Kate is a very impressive woman. She’s the kind of woman (and lawyer) that makes people sit up and think “I wish I had half her skill/self-possession/success.”
And I’d had the privilege of following her from afar through most of my career and a lot of hers.
But just because somebody is impressive doesn’t mean that they can do everything on their own.
Kate had got to the stage where she was a salaried partner and had nobody to answer to apart from the board through quarterly reports. However, she was managing a challenging case load, leading a team and fulfilling a number of business responsibilities at the same time.
Because she had no one to answer to, she also didn’t have anybody looking out for her. Nobody who would ask how she was, or to check whether they could help.
It can indeed be tough (and lonely) at the top.
Kate was also noticing, particularly as the pandemic progressed, that she was putting her laptop aside later and later in the week and opening it up at the weekend much more than she had before.
The dancing, swimming and walking which she loved to do but had been removed for so long hadn’t found their way back into the timetable.
Kate’s team seemed “difficult”: unmotivated, underperforming and unhappy.
But time spent with them was time spent away from her own files. And new instructions were arriving all the time.
This was Kate’s scenario when we started working together.
An alien concept for lawyers: pausing, reflecting and being heard
I know from Kate’s feedback that one of the things she found most beneficial about the coaching we did together was having a place to stop and be heard.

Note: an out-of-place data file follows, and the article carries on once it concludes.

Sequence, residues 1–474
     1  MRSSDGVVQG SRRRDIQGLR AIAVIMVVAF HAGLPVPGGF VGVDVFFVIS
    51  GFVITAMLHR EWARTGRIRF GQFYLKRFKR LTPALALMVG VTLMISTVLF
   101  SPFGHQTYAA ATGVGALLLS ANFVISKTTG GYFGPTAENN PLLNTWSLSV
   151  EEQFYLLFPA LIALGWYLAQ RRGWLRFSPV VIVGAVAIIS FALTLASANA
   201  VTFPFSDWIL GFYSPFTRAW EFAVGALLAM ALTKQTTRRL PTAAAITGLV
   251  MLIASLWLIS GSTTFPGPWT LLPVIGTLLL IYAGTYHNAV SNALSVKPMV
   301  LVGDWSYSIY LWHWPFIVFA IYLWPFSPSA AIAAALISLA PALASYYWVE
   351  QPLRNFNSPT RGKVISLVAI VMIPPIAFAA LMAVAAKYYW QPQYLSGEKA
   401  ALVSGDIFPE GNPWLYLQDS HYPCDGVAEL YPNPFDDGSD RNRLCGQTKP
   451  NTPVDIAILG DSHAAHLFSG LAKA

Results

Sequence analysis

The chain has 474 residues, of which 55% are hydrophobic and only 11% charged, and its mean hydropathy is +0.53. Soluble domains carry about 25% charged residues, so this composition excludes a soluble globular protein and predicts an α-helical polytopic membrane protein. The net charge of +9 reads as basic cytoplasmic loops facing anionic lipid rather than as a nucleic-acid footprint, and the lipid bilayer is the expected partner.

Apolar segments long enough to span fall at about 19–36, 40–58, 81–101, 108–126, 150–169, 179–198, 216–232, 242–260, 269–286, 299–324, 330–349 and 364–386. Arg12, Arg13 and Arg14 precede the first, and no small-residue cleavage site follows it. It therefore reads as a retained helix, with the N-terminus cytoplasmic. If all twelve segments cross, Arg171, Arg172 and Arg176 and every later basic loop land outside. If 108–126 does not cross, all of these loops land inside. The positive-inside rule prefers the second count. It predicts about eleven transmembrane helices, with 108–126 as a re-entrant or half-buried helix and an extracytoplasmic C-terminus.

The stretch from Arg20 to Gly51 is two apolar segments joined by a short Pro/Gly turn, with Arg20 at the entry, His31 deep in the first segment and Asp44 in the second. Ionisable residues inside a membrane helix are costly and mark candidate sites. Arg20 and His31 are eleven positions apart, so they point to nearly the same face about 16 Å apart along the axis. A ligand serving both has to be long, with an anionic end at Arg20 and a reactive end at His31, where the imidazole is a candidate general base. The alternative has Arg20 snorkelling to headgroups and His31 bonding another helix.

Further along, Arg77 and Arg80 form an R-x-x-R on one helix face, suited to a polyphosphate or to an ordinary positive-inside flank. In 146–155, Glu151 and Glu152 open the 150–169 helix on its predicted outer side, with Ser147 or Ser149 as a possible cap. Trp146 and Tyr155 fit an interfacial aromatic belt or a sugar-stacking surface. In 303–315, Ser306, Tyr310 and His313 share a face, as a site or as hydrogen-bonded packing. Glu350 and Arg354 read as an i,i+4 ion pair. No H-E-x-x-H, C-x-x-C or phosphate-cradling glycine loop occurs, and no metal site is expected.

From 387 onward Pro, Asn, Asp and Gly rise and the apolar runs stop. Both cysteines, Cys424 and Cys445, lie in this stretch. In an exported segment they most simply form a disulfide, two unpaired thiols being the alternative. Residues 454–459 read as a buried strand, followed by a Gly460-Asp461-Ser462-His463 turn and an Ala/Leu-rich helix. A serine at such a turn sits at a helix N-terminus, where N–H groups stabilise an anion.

I didn’t have textbook answers for her. I understand the work she does and I know how legal careers work but I’ve never been a partner, or (formally) managed a team. That doesn’t matter though, as the point of coaching is not for the coach to provide answers.
It is to listen, to provide space for reflection and to provide accountability (so that when Kate says she will “change x, y and z” or “take the weekend off” she knows that somebody will ask her whether she did or not. That provides quite a big incentive to actually do it, and to be able to reply “yes”).
Of course, there is no direct consequence if Kate doesn’t hit her targets. But the benefit of me being both a former barrister (trained cross-examiner) and a coach is that if she misses her targets again and again, I will have no hesitation in calling her out on it.
This isn’t to force her to do certain things. The end result might be to work out that it actually isn’t a priority for her after all. That still has value.
The proof of the pudding – what coaching can offer the busy lawyer
Over 6 sessions which covered about eight months, Kate achieved the following:
- Improved her work-life balance (It’s not perfect but that wasn’t the aim. It’s better);
- Delegated more responsibility to her team – which she recognised was in fact a positive for their development and career progression rather than “dumping” on them;
- Appreciated her value, her contribution and her priorities. This might sound fluffy. But for her, it means knowing what she wants to focus on as she approaches retirement, and how that can sit with what works best for the firm and her team;
- Became better at saying no. As with most of the world’s professionals, this is also still a work in progress.
- Developed tools which allowed her to pause, think and strategise rather than ploughing on and seeing what happens.
Getting those coaching benefits for yourself
Every client I work with faces their own challenges and brings their own resources to coaching.
I work with the individual to help them find their own solutions, providing reflective space and supportive challenge, not an off-the-shelf programme.
Before you commit to anything, I will have a no-obligation chat with you so that we can test the chemistry and work out how many sessions would be right for you. I will also encourage you to provide honest feedback as we work together and will answer any questions you might have about working with me.
You can find out more about my coaching philosophy here.
Or see my article for Pro-Manchester on choosing and working with a coach